Cattle, thin like their owners, wander in a parched riverbed. Desperate villagers barter a few fish for maize because there is no money for food. In this drought-stricken area of Zimbabwe, some people allege that who you know determines whether you'll get state food aid, with those out of favour with local officials going hungry.
Underscoring the severity of the drought linked to the El Nino weather pattern hitting much of southern Africa, Zimbabwean President Robert Mugabe declared a state of disaster Thursday, with the hope of speeding up the flow of aid to needy communities.
The drought has devastated crops. The situation is especially acute in Zimbabwe, where a declining economy and rising unemployment have made life hard for many people in a country once known as a regional breadbasket.
Mugabe's declaration makes it easier for the World Food Program and other agencies to mobilize assistance for Zimbabwe, Eddie Rowe, WFP country director, said Friday. Lack of such a declaration puts Zimbabwe on the periphery, given the competing demands for humanitarian assistance worldwide, Rowe said.
The number of Zimbabweans in need of urgent food aid has spiked to about one quarter of the population of 13 million people, according to the WFP, a United Nations agency. That number could go even higher and the food crisis could spill into next year, said Prisca Mupfumira, Zimbabwe's minister for public service, labour and social welfare.
Families are going up to two weeks without a solid meal in Madan'ombe, a village in Masvingo province in southern Zimbabwe.
Loveness Ndlovu and her six children prepare smoked fish on a fireplace in a round hut devoid of any other food. The children, who last tasted meat a month ago, know better than to salivate over the six catfish caught in a lake by their father, Zimaniwa.
"They can only touch the fish, they cannot eat," Ndlovu said. "It's two weeks now since I last had a proper meal. If it gets worse, I will have to beg from other villagers so I can at least feed my kids."
The parents plan to barter the fish for other foodstuffs such as maize. Ordinarily, the entire family would be busy in the fields, weeding a knee-high maize crop. Now they can only watch as skinny donkeys graze on failed crops. Vast fields lie dry and fallow.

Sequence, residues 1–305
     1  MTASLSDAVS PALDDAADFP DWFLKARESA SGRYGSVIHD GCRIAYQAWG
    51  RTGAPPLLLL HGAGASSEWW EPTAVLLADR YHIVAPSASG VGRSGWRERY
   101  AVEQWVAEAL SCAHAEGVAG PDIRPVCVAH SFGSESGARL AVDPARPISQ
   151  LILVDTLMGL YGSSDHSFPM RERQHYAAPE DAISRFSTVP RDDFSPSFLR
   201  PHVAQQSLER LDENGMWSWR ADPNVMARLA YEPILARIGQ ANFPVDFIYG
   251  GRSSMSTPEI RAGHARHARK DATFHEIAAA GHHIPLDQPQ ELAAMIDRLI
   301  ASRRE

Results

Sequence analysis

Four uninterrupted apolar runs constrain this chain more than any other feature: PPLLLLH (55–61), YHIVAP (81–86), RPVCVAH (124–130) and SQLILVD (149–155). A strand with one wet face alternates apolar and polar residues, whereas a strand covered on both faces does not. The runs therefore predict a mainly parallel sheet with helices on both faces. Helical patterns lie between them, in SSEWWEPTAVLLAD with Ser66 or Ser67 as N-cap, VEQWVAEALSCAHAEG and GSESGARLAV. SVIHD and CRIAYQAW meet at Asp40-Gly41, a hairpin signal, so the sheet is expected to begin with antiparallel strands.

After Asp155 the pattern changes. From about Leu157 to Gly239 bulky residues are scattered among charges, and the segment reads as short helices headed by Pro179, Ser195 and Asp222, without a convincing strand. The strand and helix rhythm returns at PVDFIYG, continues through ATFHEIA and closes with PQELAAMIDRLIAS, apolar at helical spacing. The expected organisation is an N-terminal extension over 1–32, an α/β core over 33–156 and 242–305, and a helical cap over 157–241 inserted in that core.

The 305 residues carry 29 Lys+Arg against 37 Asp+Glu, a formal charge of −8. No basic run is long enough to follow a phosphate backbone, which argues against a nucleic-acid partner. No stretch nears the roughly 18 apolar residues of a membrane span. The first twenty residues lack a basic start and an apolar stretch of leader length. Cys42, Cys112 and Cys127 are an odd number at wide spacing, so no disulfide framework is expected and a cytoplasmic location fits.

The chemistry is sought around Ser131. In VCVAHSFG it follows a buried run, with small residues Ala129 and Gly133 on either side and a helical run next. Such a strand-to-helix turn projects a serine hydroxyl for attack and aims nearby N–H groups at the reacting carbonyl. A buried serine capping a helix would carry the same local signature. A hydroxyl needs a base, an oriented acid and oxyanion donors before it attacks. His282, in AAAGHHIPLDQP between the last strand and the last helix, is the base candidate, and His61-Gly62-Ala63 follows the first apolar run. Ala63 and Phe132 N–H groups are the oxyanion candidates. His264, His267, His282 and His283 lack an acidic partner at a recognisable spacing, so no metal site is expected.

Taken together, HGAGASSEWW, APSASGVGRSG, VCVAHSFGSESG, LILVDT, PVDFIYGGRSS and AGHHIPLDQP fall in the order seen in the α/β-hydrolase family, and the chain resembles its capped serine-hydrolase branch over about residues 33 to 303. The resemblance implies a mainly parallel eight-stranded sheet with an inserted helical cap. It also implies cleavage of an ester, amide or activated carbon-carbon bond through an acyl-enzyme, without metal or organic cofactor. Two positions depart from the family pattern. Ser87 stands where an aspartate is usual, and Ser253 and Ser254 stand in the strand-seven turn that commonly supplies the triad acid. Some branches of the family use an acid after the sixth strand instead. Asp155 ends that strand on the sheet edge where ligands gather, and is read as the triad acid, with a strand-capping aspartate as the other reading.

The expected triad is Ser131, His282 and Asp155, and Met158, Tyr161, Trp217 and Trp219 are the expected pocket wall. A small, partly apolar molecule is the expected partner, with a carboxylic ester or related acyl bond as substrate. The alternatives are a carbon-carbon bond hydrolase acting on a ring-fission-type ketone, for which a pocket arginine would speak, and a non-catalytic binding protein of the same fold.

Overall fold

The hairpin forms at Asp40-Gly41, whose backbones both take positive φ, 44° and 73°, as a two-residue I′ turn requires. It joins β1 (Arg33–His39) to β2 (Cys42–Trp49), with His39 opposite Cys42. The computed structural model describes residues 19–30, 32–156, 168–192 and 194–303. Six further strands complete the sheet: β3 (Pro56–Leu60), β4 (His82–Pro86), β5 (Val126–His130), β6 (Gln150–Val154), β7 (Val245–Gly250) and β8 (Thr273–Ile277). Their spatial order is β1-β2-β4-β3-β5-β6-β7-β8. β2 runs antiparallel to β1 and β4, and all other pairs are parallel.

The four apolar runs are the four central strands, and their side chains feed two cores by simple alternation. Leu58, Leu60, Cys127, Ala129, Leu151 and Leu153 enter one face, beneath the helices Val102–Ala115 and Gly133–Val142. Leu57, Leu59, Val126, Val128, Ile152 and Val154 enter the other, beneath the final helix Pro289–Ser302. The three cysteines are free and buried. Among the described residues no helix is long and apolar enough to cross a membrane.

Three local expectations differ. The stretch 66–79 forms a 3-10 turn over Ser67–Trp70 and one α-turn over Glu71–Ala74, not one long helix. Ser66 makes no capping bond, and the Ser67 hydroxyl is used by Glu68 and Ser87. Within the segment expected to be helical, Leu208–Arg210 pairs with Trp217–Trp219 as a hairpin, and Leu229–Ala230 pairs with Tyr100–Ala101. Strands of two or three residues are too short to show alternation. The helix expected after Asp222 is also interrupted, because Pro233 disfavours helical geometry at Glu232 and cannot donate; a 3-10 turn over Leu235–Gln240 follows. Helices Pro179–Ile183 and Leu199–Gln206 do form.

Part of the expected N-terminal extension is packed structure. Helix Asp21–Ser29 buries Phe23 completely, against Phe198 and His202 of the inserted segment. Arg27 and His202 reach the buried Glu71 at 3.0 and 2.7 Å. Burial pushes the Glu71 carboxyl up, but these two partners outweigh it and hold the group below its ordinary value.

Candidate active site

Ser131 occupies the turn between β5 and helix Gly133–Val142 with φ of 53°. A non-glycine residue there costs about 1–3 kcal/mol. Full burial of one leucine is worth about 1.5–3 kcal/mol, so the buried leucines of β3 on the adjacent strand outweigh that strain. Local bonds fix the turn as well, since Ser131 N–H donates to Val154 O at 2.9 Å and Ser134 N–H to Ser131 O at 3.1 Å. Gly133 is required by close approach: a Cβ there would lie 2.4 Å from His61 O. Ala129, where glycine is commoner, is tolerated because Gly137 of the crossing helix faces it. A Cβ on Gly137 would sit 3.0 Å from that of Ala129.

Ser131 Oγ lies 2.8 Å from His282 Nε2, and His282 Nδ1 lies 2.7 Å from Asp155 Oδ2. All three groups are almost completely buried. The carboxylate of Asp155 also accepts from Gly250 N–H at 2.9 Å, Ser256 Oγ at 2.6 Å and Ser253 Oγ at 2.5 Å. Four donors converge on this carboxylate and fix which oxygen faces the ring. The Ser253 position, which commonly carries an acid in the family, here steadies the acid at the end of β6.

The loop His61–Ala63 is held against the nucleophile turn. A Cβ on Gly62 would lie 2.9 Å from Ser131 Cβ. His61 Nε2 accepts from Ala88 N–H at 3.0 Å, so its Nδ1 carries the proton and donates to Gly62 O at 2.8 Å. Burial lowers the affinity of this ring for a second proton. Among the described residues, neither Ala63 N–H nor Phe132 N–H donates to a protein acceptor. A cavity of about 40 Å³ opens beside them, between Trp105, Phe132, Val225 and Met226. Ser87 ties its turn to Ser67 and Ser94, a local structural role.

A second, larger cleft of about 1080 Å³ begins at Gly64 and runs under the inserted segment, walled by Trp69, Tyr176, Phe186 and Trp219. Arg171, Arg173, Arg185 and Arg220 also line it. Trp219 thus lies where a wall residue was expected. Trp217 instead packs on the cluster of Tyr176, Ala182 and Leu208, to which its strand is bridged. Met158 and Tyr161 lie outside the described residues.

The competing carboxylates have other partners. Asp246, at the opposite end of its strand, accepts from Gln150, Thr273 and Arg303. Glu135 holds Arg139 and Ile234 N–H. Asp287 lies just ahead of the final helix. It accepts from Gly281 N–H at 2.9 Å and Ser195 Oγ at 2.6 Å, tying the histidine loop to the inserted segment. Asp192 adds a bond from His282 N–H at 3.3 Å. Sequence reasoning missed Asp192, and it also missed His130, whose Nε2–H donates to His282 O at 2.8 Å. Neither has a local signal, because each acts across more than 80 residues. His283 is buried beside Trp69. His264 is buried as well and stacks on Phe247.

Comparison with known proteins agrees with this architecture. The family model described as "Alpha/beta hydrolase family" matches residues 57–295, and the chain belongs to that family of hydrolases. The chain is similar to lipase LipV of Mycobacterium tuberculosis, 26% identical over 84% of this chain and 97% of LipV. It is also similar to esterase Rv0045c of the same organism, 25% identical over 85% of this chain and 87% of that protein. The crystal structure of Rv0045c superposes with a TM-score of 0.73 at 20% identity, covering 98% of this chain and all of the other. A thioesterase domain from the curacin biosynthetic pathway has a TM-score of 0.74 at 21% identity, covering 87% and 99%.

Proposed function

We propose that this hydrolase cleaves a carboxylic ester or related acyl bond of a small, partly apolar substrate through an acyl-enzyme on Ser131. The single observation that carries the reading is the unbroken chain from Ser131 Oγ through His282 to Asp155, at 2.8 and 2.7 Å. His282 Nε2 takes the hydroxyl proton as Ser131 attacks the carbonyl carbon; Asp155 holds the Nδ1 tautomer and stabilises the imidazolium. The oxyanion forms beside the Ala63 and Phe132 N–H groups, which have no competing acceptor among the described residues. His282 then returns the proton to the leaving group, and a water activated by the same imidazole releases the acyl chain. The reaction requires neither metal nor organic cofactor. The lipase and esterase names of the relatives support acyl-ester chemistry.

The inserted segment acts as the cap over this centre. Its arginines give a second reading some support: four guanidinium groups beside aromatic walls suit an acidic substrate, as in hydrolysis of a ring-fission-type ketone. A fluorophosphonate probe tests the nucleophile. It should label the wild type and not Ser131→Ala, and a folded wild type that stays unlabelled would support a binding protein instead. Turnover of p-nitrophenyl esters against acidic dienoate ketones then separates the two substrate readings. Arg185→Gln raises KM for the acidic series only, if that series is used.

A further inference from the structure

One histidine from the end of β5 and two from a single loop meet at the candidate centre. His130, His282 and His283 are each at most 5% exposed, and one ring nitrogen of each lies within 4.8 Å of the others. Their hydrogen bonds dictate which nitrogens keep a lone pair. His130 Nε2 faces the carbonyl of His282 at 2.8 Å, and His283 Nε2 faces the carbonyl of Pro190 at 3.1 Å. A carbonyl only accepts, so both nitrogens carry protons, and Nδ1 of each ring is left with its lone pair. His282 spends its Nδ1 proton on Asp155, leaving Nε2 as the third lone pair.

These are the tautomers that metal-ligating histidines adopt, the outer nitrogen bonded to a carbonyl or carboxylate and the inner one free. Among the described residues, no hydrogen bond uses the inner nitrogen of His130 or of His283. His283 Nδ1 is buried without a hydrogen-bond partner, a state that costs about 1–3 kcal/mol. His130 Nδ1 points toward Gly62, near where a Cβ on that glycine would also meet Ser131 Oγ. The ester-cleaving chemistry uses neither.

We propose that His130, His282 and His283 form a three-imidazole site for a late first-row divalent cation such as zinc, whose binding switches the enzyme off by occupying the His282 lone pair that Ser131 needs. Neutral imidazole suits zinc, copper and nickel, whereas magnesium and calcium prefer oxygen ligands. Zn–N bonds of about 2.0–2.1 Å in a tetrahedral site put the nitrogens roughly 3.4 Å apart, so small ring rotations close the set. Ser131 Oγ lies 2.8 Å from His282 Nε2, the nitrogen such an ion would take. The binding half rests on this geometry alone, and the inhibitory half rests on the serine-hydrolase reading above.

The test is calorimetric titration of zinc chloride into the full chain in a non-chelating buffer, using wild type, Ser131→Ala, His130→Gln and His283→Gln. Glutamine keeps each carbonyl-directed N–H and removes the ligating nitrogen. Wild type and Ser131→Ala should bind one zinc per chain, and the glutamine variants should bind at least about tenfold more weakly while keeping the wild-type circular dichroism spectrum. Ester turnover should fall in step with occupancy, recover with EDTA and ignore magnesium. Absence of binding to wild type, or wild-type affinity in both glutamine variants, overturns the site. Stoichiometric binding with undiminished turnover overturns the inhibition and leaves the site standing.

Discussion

A nearby shopping centre is packed with food items such as rice, the staple maize meal and cooking oil, mostly imported from neighbouring South Africa. But with mines and other industries closing because of economic problems, people can't afford to buy them.
Some villagers, however, trade maize for fish.
"There is not much circulation of cash here so we have to rely on barter trade," Zimaniwa said.
Most Zimbabweans rely on agriculture for a living, and Mupfumira, the Cabinet minister, said the government plans to import 700,000 tons of maize to distribute to the needy.
Some Zimbabweans believe they won't get a share because they don't know the right people. Mugabe has been in power for decades, his government holding a tight grip amid periodic accusations of human rights abuses and voter fraud.
"Only those close to the (district) councillor get to eat," said Sydney Makabe, a resident in Masvingo province, whose capital has the same name.
"Rations that are coming now are supposed to be given to the elderly. But many times, we see young people who don't qualify getting the food," said Makabe, adding that he is not involved in politics.
The Zimbabwe Peace Project, a non-governmental group, said reports indicate food is being used in some cases as a political weapon to punish the opposition. It cited 135 cases of "food violations" from September to December.
In Gwanda, a town southwest of Harare, the residents' association is encouraging people to buy ruling ZANU-PF party membership cards and attend party meetings to enhance chances of getting government-funded food aid.
In January, dozens of villagers from rural Mutasa district, east of Harare, reportedly stormed a government grain warehouse, demanding an end to the politicization of food aid. Police later summoned and questioned local lawmaker Trevor Saruwaka of the main opposition MDC-T party.
Mupfumira promised to act against any distribution problems.
"As government, we are responsible for the welfare of all citizens. Anyone politicizing food aid will be punished severely, but we have not received any such reports yet," Mupfumira said.
Most people, however, are likely to be assisted by donors rather than the cash-strapped government. Despite icy relations with the West, Zimbabwe has averted food crises for the past decade due largely to Western assistance. The United States and the European Union said last month that they are increasing humanitarian funding.
The WFP has said it has mechanisms to "mitigate against the politicization of food assistance in Zimbabwe as elsewhere in the world" and that it works closely with Zimbabwe to ensure food and cash assistance "reaches only those vulnerable people for whom it is intended."
Jonathan Manyowa, a an 87-year-old resident of Gondo village in Chivi district, spends his days in a tree's shade, warding off any animals that stray into the field where he has struggled to grow a maize crop.
"The last time I witnessed such a catastrophe was when I was a very young boy, and it was not even this disastrous," Manyowa said.